“Wide gape the gates of yellowed bone. A tongue of plank is our path between the teeth as we walk toward the gullet. Here I will be devoured. This is a true thing, near unavoidable on any path. I must enter those jaws.”
~Robin Hobb – Fool’s Quest~
Hell is not always scorching heat and scarlet flames. Sometimes it is dank and green; a slim strip of bumpy tarmac encircled by towering trees and shrouded in mist. Even in the dry the Nurburgring was forbidding, but when dark clouds settled over the verdant hills and the resultant rain produced a random array of rivers running across the track, it wasn’t much of a stretch to imagine that fire breathing dragons were hiding in the haze. It had been raining most of the weekend and an extra practice session had been added to Sunday morning for those who had yet to come to grips with the slippery and serpentine track. The mere thought of driving a vehicle in the adverse conditions was completely insane, and Jackie Stewart was certainly not insane. He was a canny Scott and he saw no point in risking life or machine for minimal gain. Not able to see, not able to push, there was no possibility of learning anything remotely useful. The most likely outcome was wrecking the car and so ruining any chance you might have in the race to come. But team boss Ken Tyrrell told him to go…and go he did.
When Ken Tyrrell had made up his mind it was not an easy task to persuade him to change it. Running a successful timber-yard after the war, he was more interested in soccer than speed. His football club went on an excursion to the British Grand Prix at Silverstone and the spectacle hooked Tyrrell instantly. Buying his own car he spent several years racing before coming to the realization that his talents were better spent managing others rather than competing himself.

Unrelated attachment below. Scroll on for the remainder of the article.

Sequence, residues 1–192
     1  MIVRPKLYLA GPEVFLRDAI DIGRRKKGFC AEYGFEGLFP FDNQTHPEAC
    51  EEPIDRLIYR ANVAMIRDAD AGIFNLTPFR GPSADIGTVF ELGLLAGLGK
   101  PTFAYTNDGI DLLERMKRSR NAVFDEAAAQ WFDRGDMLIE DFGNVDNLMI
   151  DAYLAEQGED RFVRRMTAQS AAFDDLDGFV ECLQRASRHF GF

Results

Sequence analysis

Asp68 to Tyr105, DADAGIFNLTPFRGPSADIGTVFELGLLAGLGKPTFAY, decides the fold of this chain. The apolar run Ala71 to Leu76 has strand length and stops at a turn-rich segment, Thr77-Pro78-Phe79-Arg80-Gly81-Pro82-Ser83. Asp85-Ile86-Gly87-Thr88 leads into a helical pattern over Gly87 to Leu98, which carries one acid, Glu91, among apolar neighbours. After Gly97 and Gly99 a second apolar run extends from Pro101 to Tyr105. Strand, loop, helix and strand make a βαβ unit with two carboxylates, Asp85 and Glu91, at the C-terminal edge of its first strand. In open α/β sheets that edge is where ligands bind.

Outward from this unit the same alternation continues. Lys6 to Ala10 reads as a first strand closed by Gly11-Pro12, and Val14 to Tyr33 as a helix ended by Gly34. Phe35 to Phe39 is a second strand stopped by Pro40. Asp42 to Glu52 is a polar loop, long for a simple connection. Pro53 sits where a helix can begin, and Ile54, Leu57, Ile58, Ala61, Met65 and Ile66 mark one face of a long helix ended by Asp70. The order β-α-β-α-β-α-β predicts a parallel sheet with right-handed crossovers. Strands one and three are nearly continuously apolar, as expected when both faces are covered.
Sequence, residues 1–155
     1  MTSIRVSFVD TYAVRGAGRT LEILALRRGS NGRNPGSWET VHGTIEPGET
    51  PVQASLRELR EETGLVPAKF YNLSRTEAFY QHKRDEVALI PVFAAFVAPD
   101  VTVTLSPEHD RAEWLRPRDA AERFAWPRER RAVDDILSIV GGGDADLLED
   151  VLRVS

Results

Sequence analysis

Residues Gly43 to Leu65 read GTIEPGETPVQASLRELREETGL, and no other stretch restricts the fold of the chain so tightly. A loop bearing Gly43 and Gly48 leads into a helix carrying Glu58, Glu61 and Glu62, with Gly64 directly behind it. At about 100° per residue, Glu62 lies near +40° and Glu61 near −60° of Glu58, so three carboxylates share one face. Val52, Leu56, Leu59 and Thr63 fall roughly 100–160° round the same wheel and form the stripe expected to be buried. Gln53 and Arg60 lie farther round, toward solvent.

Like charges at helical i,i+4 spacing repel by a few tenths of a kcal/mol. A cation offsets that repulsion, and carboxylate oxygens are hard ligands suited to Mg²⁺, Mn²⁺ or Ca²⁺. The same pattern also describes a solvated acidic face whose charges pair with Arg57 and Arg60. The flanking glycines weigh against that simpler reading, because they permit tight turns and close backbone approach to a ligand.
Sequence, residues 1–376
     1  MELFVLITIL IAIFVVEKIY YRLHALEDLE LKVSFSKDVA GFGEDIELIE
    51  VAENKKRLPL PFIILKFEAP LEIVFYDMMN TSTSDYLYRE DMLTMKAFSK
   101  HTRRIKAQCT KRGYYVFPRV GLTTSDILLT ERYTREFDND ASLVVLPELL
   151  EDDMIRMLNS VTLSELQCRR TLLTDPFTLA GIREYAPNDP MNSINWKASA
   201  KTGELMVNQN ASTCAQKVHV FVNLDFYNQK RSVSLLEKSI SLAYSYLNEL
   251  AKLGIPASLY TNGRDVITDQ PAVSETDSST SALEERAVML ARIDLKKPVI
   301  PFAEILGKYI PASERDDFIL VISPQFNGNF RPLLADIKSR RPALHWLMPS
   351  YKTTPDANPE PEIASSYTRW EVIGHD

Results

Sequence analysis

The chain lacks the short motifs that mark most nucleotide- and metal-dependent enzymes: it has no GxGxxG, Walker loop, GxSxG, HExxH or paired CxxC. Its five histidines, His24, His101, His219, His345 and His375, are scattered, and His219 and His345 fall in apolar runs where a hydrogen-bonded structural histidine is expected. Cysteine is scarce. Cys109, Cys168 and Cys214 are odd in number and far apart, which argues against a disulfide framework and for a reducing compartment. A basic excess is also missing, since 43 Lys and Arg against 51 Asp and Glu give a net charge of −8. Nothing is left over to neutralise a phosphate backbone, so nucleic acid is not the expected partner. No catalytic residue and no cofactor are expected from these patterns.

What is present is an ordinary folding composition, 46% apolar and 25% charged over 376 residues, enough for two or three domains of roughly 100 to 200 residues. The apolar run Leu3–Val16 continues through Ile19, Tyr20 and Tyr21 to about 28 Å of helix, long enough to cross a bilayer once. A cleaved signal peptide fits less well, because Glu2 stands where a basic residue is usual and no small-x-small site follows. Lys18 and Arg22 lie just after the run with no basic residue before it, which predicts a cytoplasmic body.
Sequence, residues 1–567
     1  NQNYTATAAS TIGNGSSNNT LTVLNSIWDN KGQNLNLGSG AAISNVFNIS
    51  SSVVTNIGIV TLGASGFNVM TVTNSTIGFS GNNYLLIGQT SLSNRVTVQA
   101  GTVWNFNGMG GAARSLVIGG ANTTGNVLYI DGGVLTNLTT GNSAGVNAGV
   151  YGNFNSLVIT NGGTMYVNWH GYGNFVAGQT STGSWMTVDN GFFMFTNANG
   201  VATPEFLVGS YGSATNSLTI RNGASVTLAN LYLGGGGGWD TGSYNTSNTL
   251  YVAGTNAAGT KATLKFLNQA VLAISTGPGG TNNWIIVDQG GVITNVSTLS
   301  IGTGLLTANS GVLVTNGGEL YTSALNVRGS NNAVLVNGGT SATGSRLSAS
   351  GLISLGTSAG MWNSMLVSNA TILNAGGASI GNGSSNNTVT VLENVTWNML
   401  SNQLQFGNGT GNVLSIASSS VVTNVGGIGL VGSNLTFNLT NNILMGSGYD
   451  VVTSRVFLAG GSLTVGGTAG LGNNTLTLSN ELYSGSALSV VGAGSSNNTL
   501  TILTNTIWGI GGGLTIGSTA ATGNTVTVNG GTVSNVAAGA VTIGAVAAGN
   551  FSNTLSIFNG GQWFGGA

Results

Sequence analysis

It was a phone call from the manager at Goodwood that brought Stewart and Tyrrell together. A young Scottish driver had stood out that seemed to be a cut above the rest. Tyrrell invited Jackie down to Goodwood to test drive a Formula Three Cooper. Bruce McLaren was there to provide a benchmark of comparison with which to assess the rookie…and at the end of the day it was Jackie who had set the fastest time of the two. John Cooper said to Ken, “You’ve got to sign him!” It would be the only contract with Tyrrell that Stewart would ever sign.